A senior U.S. official says all parties at the Iran nuclear talks in Vienna plan to continue negotiating past the June 30th deadline.
The official commented, on Sunday, as U.S. Secretary of State John Kerry held a series of talks with chief Iranian negotiators and some of the world powers involved in the talks in Vienna.
The administration official also said the United States was not troubled by Iranian Foreign Minister Mohamad Javad Zarif's decision to briefly return to Tehran for consultations with his government before the deadline that is two days away.
The official said it was expected participants in the talks would come and go from Vienna during the negotiations.
In a VOA interview, Marie Harf, the State Department Senior Advisor for Strategic Communications, also said negotiators would likely take some additional days after June 30.
“We are not looking at a long-term extension of any kind but if we need a few extra days, which it looks like we may, we will take those to get the strongest deal possible,” said Harf.
Negotiators have been tight-lipped about the details of the talks but the main sticking points have included the timing of sanctions relief for Iran and the extent of access nuclear inspectors would have to Iranian sites.
Watch: VOA's Pam Dockins at the Iran nuclear talks in Vienna
Several officials have indicated the tough issues remain unresolved.
British Foreign Minister Philip Hammond says major challenges remain.
Earlier in the day, EU High Representative Federica Mogherini told reporters in Vienna the talks had “always been tough,” but that negotiators could reach an agreement if there is “strong political will.”
She also said negotiators had some flexibility, when it comes to time.
On Saturday, French Foreign Minister Laurent Fabius said three conditions still needed to be worked out to ensure a successful agreement.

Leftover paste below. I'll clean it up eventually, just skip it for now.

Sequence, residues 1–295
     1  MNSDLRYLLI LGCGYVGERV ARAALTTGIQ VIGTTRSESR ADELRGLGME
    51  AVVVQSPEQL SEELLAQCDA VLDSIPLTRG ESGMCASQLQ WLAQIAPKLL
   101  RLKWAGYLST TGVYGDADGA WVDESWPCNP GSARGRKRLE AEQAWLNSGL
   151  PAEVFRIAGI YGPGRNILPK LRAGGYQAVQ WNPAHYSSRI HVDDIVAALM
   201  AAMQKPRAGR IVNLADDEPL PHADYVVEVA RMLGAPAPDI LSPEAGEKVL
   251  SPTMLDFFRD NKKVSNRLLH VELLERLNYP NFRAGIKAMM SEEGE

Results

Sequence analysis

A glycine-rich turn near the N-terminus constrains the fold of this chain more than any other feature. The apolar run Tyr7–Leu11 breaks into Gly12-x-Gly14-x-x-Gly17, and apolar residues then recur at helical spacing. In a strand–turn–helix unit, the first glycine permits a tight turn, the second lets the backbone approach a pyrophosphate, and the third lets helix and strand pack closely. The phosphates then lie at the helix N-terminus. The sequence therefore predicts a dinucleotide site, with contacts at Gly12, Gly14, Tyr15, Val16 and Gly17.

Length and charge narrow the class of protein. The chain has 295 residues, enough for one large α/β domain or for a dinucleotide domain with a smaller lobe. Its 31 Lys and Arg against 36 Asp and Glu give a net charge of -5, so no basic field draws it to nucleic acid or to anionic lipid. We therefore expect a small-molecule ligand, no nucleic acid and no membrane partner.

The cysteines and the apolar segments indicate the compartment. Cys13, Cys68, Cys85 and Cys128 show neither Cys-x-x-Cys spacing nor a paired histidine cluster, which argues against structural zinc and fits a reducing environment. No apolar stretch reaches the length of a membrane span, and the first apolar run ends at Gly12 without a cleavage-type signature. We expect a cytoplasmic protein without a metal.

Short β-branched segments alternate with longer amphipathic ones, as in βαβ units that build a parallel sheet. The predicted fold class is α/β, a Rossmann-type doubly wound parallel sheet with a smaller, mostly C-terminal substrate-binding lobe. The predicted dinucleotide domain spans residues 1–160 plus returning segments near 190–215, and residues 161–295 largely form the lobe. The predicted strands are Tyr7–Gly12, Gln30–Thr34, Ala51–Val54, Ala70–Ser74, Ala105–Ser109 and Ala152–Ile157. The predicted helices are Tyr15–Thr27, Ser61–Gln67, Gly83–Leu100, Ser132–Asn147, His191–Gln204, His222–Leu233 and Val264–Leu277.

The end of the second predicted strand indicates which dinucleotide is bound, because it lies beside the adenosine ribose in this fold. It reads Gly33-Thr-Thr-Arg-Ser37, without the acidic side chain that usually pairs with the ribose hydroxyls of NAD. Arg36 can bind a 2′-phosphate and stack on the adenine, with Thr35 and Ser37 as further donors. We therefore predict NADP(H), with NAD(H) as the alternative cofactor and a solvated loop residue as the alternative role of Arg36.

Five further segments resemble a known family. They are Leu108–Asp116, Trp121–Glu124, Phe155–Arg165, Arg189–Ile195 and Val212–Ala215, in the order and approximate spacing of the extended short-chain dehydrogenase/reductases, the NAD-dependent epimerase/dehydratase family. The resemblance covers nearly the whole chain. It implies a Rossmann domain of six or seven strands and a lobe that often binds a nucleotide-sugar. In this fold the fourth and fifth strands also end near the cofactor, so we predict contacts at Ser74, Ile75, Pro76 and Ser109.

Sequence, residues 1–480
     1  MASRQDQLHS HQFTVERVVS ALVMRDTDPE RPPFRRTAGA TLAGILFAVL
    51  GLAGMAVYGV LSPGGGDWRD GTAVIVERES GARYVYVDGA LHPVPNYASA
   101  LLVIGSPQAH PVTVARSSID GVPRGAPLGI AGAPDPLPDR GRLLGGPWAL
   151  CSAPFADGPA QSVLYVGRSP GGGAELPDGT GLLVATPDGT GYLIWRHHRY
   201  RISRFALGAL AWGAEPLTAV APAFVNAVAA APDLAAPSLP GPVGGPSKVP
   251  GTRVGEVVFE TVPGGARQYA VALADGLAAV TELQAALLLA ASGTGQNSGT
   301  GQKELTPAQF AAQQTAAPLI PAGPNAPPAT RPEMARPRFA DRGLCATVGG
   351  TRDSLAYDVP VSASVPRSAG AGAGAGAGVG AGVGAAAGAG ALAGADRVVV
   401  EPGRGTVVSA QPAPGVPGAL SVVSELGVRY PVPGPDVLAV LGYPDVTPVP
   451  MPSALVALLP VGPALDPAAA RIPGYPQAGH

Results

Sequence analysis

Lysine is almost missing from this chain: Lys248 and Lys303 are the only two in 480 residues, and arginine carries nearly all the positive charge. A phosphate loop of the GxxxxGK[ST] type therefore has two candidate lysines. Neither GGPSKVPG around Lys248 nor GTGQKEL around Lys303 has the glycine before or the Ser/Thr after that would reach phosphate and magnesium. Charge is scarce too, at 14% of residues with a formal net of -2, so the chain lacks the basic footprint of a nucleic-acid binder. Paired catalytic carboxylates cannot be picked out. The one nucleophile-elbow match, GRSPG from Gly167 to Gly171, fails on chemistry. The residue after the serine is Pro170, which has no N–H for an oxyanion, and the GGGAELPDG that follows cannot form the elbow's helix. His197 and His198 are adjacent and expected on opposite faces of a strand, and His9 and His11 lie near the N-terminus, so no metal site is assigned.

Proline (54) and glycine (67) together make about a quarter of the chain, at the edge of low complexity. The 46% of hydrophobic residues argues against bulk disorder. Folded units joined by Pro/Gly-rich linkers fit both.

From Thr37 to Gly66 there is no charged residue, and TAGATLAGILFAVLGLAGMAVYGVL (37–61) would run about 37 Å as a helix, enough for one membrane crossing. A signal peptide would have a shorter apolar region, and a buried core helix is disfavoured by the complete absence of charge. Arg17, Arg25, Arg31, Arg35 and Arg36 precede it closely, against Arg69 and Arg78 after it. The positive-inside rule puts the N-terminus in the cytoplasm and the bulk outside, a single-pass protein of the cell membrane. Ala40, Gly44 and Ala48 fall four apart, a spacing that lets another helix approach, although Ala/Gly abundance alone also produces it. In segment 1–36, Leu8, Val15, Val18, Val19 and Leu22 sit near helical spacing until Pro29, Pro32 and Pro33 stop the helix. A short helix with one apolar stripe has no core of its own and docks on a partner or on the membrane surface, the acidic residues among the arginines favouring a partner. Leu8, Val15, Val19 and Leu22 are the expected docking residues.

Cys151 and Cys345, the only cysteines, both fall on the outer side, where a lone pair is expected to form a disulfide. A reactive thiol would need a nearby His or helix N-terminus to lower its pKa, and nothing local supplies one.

He said those conditions were Iran's acceptance of rigorous inspections of suspected nuclear sites, lasting limits on the country's research and development capacity and a mechanism to quickly re-impose sanctions on Iran if the country violates terms of an agreement.
Negotiators have been trying to work through differences over the type and level of access that International Atomic Energy Agency inspectors would have to Iranian sites, including those with possible military dimensions.
In April, Iran and the United States, Russia, China, France, Britain and Germany agreed on a plan that was supposed to set the foundation for a final agreement that provided Iran sanctions relief while restricting Tehran's ability to make nuclear weapons. But some negotiators have indicated there have been disagreements over the parameters set in April.
Some diplomats say the real deadline for an agreement is not June 30, but July 9. After that day, a mandatory congressional review period would extend from 30 to 60 days.
It would make sense for negotiators to work past June 30, if need be, to resolve outstanding issues, said analyst Emanuele Ottolenghi of the Foundation for the Defense of Democracies.
"It certainly makes sense if the pressure to meet the deadline is going to sort of bring the quality of the agreement into question," he said. But he said previous extensions in the Iran nuclear talks had resulted in more concessions in favor of the Iranian side.